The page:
None of us who have travelled the TTC route, embarked on the journey to learn a thing or two. Nope! Everything we did, said, researched, ate, dreamt, talked about, prayed about, cried about, and wished for, boiled down to the fact that we wanted a baby…and the sooner, the better. Because most of the time, as the clock ticks and days turn to weeks, weeks turn to months, and months leading up to years, we get more frantic, more obsessed with our desire, and less in tune with anything else…other than babies, and get how to get one.
But in the universe’s miraculous way, we do get our babies, and then over the next couple of months or years, we realized that we did gain a thing or two from the TTC journey. We look back and say we wouldn’t change a thing about the entire process. We learnt that there are certain circumstances entirely beyond our control. We see our husbands in new light, as we share the trying times together. We discover true friends, and forge new strong alliances. And we hope against hope, and keep the faith that keeps us going.
Before I got married and started to want a baby, I thought that I was pretty much a good girl. If you asked me, I would have said that I was surely going to heaven if I died. I had motivation quotes up my sleeves, and I was good at comforting those who mourned and sharing the pain of others. In fact, I believe somewhere in my head, I was as close to Saint Theresa as this sinful world could allow. And then, I got married and I didn’t get what I wanted…what I felt I deserved by a God I had served faithfully. My faith was tested, my limits were pushed and I found that Bible verse that said Let he who thinks he stands, take heed, lest he falls (1 Corinthians 10:12). I was on slippy ground, and I realized that all my Christian upbringing had not prepared me for the journey I had to face. If I could go back in time, I wouldn’t change a thing about my journey to pregnancy, because of all the life-lessons I gathered that no book, or Preacher, could have instilled in me.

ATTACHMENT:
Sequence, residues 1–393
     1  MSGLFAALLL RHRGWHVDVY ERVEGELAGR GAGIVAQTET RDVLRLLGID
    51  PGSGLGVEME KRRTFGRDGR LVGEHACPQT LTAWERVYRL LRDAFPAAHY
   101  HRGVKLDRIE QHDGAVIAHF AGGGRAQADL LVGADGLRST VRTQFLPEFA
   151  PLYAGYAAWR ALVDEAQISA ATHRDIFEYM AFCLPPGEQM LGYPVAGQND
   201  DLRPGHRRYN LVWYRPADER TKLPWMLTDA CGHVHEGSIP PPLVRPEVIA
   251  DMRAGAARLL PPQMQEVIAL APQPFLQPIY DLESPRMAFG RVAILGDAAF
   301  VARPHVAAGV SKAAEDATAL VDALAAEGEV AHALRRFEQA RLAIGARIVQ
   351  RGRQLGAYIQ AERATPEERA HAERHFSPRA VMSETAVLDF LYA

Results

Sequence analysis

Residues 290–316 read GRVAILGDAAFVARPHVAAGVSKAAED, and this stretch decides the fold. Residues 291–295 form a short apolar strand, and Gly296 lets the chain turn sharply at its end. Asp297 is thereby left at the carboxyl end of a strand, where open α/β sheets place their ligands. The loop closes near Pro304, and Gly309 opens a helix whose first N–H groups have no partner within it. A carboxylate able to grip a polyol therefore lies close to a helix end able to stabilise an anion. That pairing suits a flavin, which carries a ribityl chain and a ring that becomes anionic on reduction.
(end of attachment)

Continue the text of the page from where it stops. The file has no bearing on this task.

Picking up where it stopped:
If there was any virtue that I lacked, it was patience. I was always so impatient…and for anyone that complained, I had a quick answer “It’s my temperament, that is the way I was wired”. Whether I needed to shed some tears, twist an arm, pout, throw tantrums, or beg like my life depended on it, I liked getting what I wanted, when I wanted it.
Prior to this time, my relationship with God was superb and he was blessing me all-round. So I get married and I request that I want to get pregnant immediately, and to conceive twins; a boy and a girl. My requests were specific. I wanted the girl to look like my husband and the boy to look like me. I wanted the boy dark and the girl chocolate skinned, and I wanted them both cute and charming. I even sowed a seed and promised to do something awesome if he granted my request. Well, who was I to think I could twist God’s arm? He made me wait! I whined, begged, cried, accused, questioned but no. He was going to do it at His time, not mine. I am grateful that I learned to be patient eventually. It has helped in dealing with the alien species called men, as well as handling my toddler and her rumbly-crumby years. The other day I found her cleaning baby oil she spilled, with my phone. My phone was dripping oil like I used it to cook a pot of soup. When I collected the phone from her, she had the effrontery to scold me in her baby language! Everything about motherhood has a lot to do with patience, and I am glad I took a course in that during the TTC days, which is why I am doing an excellent job now.